A gram is one thousandth of a kilogram, which is the basic unit of weight measurement in the SI system. A cup on the other hand is a measurement of volume. Generally, when it comes to measuring dry ingredients, Americans use measurements of volume (cups, tablespoons) while Europeans use measurements of weight (grams, dekagrams). So whereas an American recipe would state “1 cup of sugar”, a European recipe would state “250g of sugar”.

You might be wondering how we convert grams into cups, when we use them to measure different values. It’s quite simple actually. To go from mass to volume, we also need density:

V=\frac{m}{\rho}

V stands for volume, m for mass and the Greek letter *ρ* (pronounced rho) stands for density.

Below this, you will find a brief list of density values for some ingredients

## Grams per cup ratios for different ingredients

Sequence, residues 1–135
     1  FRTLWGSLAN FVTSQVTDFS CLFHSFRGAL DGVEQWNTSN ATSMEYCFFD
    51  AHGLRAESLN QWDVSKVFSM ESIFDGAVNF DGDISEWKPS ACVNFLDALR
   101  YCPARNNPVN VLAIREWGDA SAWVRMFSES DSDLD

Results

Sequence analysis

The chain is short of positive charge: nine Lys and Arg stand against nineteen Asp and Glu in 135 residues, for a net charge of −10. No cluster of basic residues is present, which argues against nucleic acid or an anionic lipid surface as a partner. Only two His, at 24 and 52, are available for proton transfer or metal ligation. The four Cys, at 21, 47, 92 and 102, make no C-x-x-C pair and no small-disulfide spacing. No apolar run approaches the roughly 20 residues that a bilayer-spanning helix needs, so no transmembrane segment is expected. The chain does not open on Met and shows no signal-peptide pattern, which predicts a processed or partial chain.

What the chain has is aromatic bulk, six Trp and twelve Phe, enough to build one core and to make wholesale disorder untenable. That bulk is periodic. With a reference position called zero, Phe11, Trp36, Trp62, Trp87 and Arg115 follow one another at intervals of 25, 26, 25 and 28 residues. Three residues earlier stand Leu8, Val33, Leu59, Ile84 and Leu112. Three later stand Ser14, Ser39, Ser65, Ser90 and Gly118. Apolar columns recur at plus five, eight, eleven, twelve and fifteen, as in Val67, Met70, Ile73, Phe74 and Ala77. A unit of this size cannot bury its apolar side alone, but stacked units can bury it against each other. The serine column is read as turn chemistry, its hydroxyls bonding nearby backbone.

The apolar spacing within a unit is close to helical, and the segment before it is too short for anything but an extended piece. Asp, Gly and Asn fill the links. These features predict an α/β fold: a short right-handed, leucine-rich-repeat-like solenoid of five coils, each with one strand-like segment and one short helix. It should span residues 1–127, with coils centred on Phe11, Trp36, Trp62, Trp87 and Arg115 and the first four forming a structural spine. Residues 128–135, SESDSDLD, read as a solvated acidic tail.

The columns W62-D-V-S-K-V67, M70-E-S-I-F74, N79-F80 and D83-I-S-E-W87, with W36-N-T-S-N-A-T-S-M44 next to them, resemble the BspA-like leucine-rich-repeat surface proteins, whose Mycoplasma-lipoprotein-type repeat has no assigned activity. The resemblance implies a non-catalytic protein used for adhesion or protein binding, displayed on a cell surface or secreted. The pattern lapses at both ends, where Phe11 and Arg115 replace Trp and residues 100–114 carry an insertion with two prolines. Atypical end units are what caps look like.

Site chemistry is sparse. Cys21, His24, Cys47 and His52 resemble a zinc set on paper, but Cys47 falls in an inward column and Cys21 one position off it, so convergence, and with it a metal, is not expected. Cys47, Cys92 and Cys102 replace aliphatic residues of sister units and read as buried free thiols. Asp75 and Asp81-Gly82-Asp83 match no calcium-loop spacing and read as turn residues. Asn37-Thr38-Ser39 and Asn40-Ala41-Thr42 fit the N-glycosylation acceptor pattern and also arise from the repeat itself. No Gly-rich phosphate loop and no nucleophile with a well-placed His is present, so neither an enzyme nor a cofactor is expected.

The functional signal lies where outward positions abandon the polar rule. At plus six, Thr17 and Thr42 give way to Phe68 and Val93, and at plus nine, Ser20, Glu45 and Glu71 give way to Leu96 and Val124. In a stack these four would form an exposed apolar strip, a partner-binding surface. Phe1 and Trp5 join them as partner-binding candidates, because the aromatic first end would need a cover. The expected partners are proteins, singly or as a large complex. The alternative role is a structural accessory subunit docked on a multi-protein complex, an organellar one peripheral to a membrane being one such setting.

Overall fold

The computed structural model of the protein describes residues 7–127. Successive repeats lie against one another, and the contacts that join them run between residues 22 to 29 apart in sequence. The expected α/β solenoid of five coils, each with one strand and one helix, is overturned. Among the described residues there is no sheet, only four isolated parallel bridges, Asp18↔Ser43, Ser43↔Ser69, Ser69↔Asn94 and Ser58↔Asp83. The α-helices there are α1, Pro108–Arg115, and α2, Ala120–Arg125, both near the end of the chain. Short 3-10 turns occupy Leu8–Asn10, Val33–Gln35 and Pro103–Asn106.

For starters, **1 cup of butter **is equal to **227g of butter**, while **margarine **is slightly denser at **230g **per **cup**. In terms of **flour**, the least dense type is **cake flour **at only **117g **per **cup**. **All purpose flour **and** bread flour** are both denser at **125g **per **cup**, and **130g **per **cup** respectively. **Sugar **is even denser at **201** **g per cup**, but unsurprisingly trails behind **honey** which is **336g **per **cup**. **Uncooked rice **is around **178g **per **cup**. However, keep in mind that rice expands up to 4 times once it is cooked, greatly reducing its density. Out of all these, the least dense are **oats**, which are only **102g **per **cup**.

However, it is difficult to keep track of all these values. That’s where our grams to cups calculator comes in handy, as it does all the work for you. Our database contains density values for a large number of ingredients, so all you have to do is input the mass and choose the ingredient you want.